If you are feeling the urge to "go green” or simply want to save money, you may want to look at photovoltaic arrays options. The science of photovoltaic power is expanding exponentially and rapidly. There are currently four basic photovoltaic arrays for thehomeowner to choose from. A photovoltaic array can be made up of a number of materials, some of which have been improved upon over time. In this overview of photovoltaic arrays, I will also give you an idea of the costs and benefits of their use.
What is a Photovoltaic Array?
A photovoltaic array is a grouping of specialized cells, often made of silicon, which converts solar radiation into direct current electricity. The first question you need to answer before investing is, "How much electricity does my household use in a day?" You should easily be able to get a good idea of how many kilowatt hours you use by going over a year’s worth of electric bills, or by monitoring your power. When choosing photovoltaic arrays to generate electricity, here is a simple formula – number of kilowatt hours divided by four. So if you use eight kilowatt hours per day, you will need a two kilowatt system. Cost and type of photovoltaic array will also depend on how your house issituated. There is also no relationship to the size of your house with the cost. Also note photovoltaic arrays are for electricity, not to be confused with solar converters for uses such as hot water.
Though all photovoltaic arrays tend to look somewhat alike, cell groupings, size of panel, and materials vary. Here is what they look like:
Amorphous panels are one of the earlier technologies and are the least likely choice for a homeowner. All photovoltaic arrays are guaranteed to work for 25 years, but all types will degrade to some degree over that time period. The degradation never falls below 80 percent, which is also part of the warranty. An amorphous panel will degrade quicker than other choices, according to Greenfield Solar Store owner Mark Skinder. "The glass coating can get scratched and yellowed over time," said Skinder. Amorphous panels also tend to be harderto install.
Monocrystalline Panels or Modules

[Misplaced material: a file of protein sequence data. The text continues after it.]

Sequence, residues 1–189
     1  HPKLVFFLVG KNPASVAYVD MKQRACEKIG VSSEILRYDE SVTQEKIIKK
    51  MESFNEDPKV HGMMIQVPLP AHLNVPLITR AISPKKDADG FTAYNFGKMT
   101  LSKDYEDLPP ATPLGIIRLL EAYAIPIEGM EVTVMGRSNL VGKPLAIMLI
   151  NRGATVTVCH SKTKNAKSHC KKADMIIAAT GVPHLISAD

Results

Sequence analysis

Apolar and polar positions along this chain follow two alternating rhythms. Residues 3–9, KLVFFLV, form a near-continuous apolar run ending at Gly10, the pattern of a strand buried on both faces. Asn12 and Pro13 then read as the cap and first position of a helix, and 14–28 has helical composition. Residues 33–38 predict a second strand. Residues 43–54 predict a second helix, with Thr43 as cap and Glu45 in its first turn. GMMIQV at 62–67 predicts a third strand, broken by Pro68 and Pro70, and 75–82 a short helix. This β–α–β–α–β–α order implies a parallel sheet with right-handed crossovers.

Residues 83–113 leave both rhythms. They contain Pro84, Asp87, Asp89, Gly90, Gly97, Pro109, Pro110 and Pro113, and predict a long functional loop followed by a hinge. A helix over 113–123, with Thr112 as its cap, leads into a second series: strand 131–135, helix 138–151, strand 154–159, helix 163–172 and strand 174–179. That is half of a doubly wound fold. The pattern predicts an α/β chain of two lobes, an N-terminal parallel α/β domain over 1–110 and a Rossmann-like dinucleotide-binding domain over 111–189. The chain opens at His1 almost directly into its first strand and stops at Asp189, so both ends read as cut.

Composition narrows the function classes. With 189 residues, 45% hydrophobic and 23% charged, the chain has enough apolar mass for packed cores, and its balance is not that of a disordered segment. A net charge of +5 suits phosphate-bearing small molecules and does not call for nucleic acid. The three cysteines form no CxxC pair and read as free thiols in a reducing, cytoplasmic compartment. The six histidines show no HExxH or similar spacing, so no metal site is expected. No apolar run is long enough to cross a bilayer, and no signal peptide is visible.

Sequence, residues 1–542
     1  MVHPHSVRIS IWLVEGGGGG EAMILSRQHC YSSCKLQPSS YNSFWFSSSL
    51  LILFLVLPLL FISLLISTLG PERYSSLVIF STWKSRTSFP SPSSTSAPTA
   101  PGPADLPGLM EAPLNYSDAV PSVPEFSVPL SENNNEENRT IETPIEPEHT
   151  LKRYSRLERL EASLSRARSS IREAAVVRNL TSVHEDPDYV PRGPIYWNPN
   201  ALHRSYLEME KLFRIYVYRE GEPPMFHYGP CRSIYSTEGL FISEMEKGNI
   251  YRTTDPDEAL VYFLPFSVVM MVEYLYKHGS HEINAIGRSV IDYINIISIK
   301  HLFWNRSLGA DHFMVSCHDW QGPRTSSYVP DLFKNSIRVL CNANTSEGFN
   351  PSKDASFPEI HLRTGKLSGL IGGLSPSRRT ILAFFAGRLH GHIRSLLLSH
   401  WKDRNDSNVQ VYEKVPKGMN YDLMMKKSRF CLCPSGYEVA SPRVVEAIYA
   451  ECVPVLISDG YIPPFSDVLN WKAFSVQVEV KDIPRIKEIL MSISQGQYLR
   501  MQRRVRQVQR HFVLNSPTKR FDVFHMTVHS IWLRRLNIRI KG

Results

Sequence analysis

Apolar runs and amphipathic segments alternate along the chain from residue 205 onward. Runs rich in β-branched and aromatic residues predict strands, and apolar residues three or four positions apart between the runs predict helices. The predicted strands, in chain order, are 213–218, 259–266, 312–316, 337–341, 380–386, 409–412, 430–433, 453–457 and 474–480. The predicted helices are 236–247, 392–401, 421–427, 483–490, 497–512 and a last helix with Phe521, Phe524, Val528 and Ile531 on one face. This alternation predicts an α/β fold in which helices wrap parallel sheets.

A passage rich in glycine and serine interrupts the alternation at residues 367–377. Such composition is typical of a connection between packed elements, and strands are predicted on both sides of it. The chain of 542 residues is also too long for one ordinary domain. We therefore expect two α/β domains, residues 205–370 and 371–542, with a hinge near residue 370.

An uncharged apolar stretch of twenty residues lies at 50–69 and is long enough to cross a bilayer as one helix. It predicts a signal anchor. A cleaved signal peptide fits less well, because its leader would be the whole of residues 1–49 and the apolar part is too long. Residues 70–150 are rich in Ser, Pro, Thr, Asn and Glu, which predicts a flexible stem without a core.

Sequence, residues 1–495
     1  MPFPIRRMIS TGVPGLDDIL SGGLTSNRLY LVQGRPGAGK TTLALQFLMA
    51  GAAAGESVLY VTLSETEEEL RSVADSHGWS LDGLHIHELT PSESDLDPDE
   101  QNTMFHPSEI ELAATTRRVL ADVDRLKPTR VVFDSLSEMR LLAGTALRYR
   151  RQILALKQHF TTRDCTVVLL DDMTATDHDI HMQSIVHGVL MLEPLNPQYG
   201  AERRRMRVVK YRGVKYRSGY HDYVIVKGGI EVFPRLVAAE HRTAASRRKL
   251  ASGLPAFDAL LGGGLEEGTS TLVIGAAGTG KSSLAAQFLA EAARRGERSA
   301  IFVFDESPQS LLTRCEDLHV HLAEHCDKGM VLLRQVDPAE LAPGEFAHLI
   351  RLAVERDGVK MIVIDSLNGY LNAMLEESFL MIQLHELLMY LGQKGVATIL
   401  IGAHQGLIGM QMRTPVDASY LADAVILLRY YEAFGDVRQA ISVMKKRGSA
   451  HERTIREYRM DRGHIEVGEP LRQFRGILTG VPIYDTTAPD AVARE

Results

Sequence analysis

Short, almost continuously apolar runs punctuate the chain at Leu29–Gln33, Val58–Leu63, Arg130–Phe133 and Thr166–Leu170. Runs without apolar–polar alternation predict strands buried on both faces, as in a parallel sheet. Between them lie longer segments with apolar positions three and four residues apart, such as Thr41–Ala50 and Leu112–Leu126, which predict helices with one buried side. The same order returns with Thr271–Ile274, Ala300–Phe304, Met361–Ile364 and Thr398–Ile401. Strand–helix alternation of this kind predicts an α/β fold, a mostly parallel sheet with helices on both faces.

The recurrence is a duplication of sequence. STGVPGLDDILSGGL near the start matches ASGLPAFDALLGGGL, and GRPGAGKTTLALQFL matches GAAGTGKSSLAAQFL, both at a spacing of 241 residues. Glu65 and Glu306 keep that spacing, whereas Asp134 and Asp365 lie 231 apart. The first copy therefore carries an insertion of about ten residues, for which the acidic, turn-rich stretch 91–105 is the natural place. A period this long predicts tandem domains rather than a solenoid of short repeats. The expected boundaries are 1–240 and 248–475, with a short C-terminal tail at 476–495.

Skinder describes the creation of a monocrystalline panel as "a big molten silicon sausage-shaped object that gets sliced into extremely thin slices." The thin slices are used to convert the solar energy in panels. However, Skinder says that monocrystalline panels,while highly efficient, are also very expensive and "more resource intensive."
Multicrystalline Panels or Modules
By 2007, multicrystalline photovoltaic arrays became the next big thing in solar power. Multicrystalline panels are what you are most likely to come across when you are in the market for solar power. Multicrystalline panels are less expensive to make and the technology is simpler. "It is the lowest embedded energy technology," said Skinder. Multicrystalline cells are also noted to be efficiently used in any climate.
Hybrid Panels or Modules
The latest technology embraces two of the earlier concepts in photovoltaic arrays. A hybrid, also widely available, is a marriage of monocrystalline and amorphous arrays, layered to generate an even greater efficacy of solar energy into electricity. Skindersaid that the hybrid panels have shown an improvement over other photovoltaic arrays by approximately 15 percent.
Why Install a Photovoltaic Array?
Costs associated with purchase and installation of a photovoltaic array range from $7 to $8 per kilowatt, depending on the panel you choose. If your home does not have good exposure for a photovoltaic array, you can also have panels placed on posts. The cost is higher for post installation by approximately a dollar more per kilowatt.
Homeowners can not only reap the benefits of lower cost electricity, but sometimeseven earn money for the unused portion of the electricity generated. Installing photovoltaic arrays may seem expensive at first, but various federal and state incentives can largely offset the cost.
Cris Carl is a freelance journalist who lives in Greenfield, MA. She enjoys manyoutdoor activities and taking care of her home. She is president of the Native American non-profit Friends of Wissatinnewag.